Saturday, February 2, 2013


In the January – February, 2013, issue of Archaeology magazine, a fascinating article entitled Structural Integrity, by Nikhil Swaminathan, discusses domestic spatial utilization by Paleolithic people in the ancient rock shelter of Abri Castanet. Randall White, of New York University, has been conducting studies there for eighteen years and has recovered about 150,000 artifacts, from limestone blocks to burnt reindeer bone and minute beads. White has also found markings engraved on stone (petroglyphs) that he estimates at 35,000 years old (lab results will be back early in 2013). These engravings seem to have mostly been found on block and slabs of stone that had fallen from the roof of the cave and there are both aesthetic and functional examples.
Anneaux with engraved line on limestone block.
Abri Cansanet, France. From Archaeology Magazine,
January - February 2013, Structural Integrity,
by Nikhil Swaminthan, pages 55 to 63.

Perhaps the most interesting functional examples are called anneaux. These are pairs of pits or gouges cut into the rock next to each other which have then been joined with an undercut down by the bottom of the pits leaving what is essentially a stone ring or stanchion. Thirty anneaux on 18 different slabs of rock, both from the ceiling and the floor have been found. It is believed that they served as tying points or anchors to tie up a reindeer hide curtain for protection from harsh weather conditions making them part of an early mechanical system.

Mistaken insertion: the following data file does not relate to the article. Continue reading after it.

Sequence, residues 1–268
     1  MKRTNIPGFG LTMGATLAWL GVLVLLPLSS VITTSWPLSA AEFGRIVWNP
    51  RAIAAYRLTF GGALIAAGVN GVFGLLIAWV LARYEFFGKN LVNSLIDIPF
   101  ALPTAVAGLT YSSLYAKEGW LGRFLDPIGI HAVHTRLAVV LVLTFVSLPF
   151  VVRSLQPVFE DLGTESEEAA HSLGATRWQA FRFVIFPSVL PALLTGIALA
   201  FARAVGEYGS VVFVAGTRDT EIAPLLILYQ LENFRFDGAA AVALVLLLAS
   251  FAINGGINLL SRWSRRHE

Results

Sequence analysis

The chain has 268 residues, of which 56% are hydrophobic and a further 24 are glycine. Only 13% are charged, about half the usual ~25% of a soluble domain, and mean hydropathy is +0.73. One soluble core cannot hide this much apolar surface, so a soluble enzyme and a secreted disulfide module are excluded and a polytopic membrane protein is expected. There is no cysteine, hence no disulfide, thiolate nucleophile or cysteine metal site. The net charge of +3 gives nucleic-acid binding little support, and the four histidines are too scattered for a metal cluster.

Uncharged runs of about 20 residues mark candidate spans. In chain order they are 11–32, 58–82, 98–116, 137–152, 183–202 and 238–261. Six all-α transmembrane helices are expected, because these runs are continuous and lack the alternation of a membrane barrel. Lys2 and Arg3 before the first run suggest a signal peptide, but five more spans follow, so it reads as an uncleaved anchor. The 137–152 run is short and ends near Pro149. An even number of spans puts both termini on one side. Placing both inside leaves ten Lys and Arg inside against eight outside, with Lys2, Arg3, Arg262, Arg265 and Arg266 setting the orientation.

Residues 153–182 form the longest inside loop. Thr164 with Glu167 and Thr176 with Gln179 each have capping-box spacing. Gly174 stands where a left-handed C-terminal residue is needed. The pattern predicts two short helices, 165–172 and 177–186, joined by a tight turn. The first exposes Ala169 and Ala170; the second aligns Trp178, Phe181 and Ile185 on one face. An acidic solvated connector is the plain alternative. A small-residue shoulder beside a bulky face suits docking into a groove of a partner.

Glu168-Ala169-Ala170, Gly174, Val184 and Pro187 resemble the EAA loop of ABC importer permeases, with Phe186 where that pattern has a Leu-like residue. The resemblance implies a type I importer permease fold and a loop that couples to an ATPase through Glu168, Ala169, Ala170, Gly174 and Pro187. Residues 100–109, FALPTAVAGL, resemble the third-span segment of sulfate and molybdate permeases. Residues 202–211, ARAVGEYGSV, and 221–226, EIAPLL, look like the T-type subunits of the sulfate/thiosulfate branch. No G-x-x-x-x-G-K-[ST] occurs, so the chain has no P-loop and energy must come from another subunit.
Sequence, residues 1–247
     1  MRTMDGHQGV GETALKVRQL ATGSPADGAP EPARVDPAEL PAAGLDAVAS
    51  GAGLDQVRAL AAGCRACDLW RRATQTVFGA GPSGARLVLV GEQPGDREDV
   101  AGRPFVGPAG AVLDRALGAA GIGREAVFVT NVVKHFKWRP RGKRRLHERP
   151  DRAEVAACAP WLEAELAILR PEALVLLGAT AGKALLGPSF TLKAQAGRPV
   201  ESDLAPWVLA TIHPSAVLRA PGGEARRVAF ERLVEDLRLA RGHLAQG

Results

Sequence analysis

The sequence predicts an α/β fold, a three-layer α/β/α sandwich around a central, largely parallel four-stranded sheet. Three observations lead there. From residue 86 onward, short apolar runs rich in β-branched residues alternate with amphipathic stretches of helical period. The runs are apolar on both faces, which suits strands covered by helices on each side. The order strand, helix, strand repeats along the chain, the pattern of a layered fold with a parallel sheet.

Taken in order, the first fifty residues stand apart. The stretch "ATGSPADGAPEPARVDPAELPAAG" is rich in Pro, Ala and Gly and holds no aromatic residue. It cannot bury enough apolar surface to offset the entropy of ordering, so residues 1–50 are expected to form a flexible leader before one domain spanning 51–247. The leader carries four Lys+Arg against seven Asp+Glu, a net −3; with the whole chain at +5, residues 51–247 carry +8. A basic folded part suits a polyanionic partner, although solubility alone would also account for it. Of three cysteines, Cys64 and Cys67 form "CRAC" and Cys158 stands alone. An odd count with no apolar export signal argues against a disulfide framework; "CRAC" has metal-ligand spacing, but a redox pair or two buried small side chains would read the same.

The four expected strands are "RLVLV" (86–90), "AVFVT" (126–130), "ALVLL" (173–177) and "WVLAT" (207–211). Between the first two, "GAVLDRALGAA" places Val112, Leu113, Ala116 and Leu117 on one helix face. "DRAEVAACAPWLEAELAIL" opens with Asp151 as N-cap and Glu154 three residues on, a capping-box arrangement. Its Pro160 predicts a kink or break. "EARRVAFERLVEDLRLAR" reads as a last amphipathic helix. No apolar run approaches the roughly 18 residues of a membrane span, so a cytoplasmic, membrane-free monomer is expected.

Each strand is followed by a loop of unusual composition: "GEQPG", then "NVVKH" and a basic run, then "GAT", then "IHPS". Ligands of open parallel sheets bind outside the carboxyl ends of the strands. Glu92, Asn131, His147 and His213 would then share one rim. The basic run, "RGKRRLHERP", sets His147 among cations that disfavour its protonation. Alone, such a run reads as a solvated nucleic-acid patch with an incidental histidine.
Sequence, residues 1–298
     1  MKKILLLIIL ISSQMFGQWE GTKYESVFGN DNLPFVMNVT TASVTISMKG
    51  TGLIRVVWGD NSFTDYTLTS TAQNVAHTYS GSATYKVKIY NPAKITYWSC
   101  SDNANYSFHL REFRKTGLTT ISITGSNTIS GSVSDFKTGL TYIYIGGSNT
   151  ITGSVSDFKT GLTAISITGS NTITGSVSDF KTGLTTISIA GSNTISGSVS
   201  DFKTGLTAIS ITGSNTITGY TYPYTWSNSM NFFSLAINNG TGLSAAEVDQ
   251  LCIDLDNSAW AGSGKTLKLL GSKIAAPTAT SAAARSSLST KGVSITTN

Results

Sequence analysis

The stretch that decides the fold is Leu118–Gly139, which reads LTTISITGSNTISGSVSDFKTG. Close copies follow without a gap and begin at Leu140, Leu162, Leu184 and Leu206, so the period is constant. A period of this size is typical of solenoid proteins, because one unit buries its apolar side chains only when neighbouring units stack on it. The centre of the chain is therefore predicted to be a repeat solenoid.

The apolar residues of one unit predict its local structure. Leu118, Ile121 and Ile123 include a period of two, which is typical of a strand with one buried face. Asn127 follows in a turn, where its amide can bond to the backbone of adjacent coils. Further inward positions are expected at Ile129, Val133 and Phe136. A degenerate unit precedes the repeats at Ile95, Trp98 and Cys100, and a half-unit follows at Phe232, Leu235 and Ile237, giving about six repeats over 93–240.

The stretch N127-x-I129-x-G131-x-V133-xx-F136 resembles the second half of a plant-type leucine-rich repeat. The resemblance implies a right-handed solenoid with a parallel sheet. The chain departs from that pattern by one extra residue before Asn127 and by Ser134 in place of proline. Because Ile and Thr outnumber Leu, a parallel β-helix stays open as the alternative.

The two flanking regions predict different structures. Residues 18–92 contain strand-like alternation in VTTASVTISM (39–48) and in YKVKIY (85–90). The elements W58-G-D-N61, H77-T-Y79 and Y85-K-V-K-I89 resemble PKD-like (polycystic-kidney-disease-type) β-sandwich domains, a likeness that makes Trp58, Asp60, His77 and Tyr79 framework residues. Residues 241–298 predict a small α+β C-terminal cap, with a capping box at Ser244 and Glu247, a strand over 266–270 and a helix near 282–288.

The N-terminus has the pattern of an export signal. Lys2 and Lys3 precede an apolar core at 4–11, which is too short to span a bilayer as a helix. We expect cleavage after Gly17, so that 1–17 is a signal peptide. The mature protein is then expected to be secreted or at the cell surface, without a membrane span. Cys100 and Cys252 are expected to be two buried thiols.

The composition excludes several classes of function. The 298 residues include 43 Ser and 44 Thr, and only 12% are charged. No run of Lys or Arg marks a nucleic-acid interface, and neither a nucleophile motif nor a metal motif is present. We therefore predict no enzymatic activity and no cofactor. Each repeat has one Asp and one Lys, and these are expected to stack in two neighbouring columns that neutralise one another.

Petroglyph identified as a vulva. Abri Castanet, France.
From Archaeology Magazine, January - February 2013, p. 29.

As early as 1909 the landowner, Marcel Castanet, was digging at the site, prompted by his discovery of an ivory bead nearby in a fox hole. After a couple of months he found a limestone slab which had the petroglyph of what he thought at first to be a heart on one side, later identified by Abbe Henri Breuil as a portrayal of a vulva.

One block of stone had lines on it that had been identified as the hindquarters of an animal. The adjoining piece of stone was recovered later and displayed the remainder of the creature, allowing the team to identify it as an aurochs.

Estimates of the age of material from the excavation of Abri Castanet (37,000 b.p.) make this material possibly the oldest rock art in Europe made by modern (Cro Magnon) humans. I sincerely hope that Archaeology will keep us updated on this.


Swaminithan, Nikhil
2013    Structural Integrity, pages 55 – 63, Archaeology Magazine, January-February 2013.

No comments:

Post a Comment